Cold Weather Clothing
The simple rule of winter camping is to stay dry and warm. Your best bet is to
wear layers with different properties. The three basic layers:
- The base layer is basically your underwear - the layer next to your skin.
Synthetic and merino wool fabrics work best (avoid cotton). They wick
perspiration away from your skin to outer layers so it can evaporate. They
dry quickly so you spend minimal time in wet clothing. When snow camping,
it's common to wear 2 base layers: a lightweight or mid-weight layer, then
a thicker heavyweight layer.
- The middle layer is your insulating layer. It is primarily designed to help
you retain body heat. For snow camping, consider expedition-weight fleece or
microfleece shirts, pants and jacket and/or a goose down jacket.
- The outer layer, or shell, is your waterproof/windproof/breathable layer.
Laminates such as Gore-Tex offer premium protection. Less expensive alternatives
use polyurethane-coated fabrics that are equally waterproof but somewhat less
breathable. Look for core vents and underarm vents that expel excess heat and
- One alternative is to wear thermals, uniform pants and then ski pants or snow pants
for an outer layer that is both insulating and waterproof.
- If you take a break, put on a layer so you don't cool off too much. Your body
will have to work harder to warm up again.
- As you warm up, remove layers to avoid getting your clothing sweaty (sweat
- Avoid getting wet. Boys always think it is fun to stomp in a puddle or to
risk stepping into a stream. In cold weather, avoid these urges. If you are wearing
knit mittens or gloves, don't make snow balls.
While it may be possible to get by with traditional hiking boots, most snow
trekking is greatly enhanced by winter or mountaineering boots that are waterproof
Tip: Warm up socks and boot insoles by keeping them in the sleeping bag next to
- Hats: You lose a significant percentage of your body heat through the top of
your head. Follow the old mountaineering adage: "If your feet are cold, put on
a hat." A knit cap that covers the ears may be a good start. A balaclava that
covers almost all of the face is even warmer.
- Gloves and mittens: Another must. Take extras, too, in case they get wet.
Mittens are better for keeping the heat in, but gloves allow more activities.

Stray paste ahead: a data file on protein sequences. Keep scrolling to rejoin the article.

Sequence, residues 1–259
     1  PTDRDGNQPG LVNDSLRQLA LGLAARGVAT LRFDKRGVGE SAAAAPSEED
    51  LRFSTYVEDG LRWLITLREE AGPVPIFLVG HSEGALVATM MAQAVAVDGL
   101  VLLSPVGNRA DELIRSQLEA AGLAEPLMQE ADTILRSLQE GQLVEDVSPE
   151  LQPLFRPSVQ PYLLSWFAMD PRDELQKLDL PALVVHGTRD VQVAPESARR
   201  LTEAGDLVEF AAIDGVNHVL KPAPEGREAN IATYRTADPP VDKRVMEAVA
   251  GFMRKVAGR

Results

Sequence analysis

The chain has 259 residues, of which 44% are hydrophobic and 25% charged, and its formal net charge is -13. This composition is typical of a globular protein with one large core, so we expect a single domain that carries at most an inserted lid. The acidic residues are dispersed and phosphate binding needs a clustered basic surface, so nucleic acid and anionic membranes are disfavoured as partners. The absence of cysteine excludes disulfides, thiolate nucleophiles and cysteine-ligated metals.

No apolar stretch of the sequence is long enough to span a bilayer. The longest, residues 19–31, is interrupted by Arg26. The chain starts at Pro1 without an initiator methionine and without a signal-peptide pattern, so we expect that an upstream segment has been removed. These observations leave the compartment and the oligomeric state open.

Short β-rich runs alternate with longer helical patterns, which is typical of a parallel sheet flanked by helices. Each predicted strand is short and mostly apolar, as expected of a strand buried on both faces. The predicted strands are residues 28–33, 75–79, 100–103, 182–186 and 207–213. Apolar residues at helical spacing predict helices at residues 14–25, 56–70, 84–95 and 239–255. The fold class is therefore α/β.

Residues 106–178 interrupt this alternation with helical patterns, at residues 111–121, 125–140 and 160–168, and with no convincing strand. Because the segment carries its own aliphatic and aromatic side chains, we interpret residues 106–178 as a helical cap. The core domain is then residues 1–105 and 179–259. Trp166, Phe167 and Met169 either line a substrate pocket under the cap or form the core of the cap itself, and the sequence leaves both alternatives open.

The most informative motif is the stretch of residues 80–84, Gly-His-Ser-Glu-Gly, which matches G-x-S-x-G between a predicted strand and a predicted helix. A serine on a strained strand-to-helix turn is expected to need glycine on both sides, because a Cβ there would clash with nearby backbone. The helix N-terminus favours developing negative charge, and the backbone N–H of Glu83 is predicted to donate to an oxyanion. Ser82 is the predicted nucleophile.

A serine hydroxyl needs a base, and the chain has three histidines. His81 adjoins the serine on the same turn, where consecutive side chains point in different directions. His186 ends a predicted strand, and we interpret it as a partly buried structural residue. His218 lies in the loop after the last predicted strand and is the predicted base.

Consider what you will be doing. For example, you won't want to wear nice,
fleece mittens to collect firewood.
- Gaiters: A must for deep snow, they help keep snow and water out of your boots.
They even add a bit of warmth. Be sure to use a waterproof/breathable model
designed for winter use.
- Goggles and glasses: Always protect your eyes from sun and wind. There are
different lens tints for various weather conditions.
- Socks: Wear a thin, snug synthetic layer next to your skin. Wear a second
layer over that made of wool, or a wool/synthetic mix. Avoid cotton
socks for winter camping. The thickness of your second sock is determined
by your boot fit. An extra-thick sock will not keep your feet warm if it makes
your boots too tight. Take extras. If they get wet, put them in the sleeping
bag next to you to dry.
- Traction Cleats: Add something like Yaktrax or MICROspikes to the bottom of your
shoes to give you traction on ice.
- Snow Shoes: If there is significant snow on the ground, snow shoes are a great
addition as they will give you traction. They also keep your boots out of the snow so
they are less likely to get soaked if they are not waterproof (snow melts in
contact with your warm boots).
- Hand and foot warmers: If you have all the right gear and still find your hands or
feet getting numb, you may want to try disposable hand or foot warmers. Just be sure
not to put them in direct contact with your skin as they get too hot for that.
Acknowledgement: The initial version of this page was based on part of an
the REI.com website. In addition
to that website, REI has a camping gear store in
Page updated 2/12/21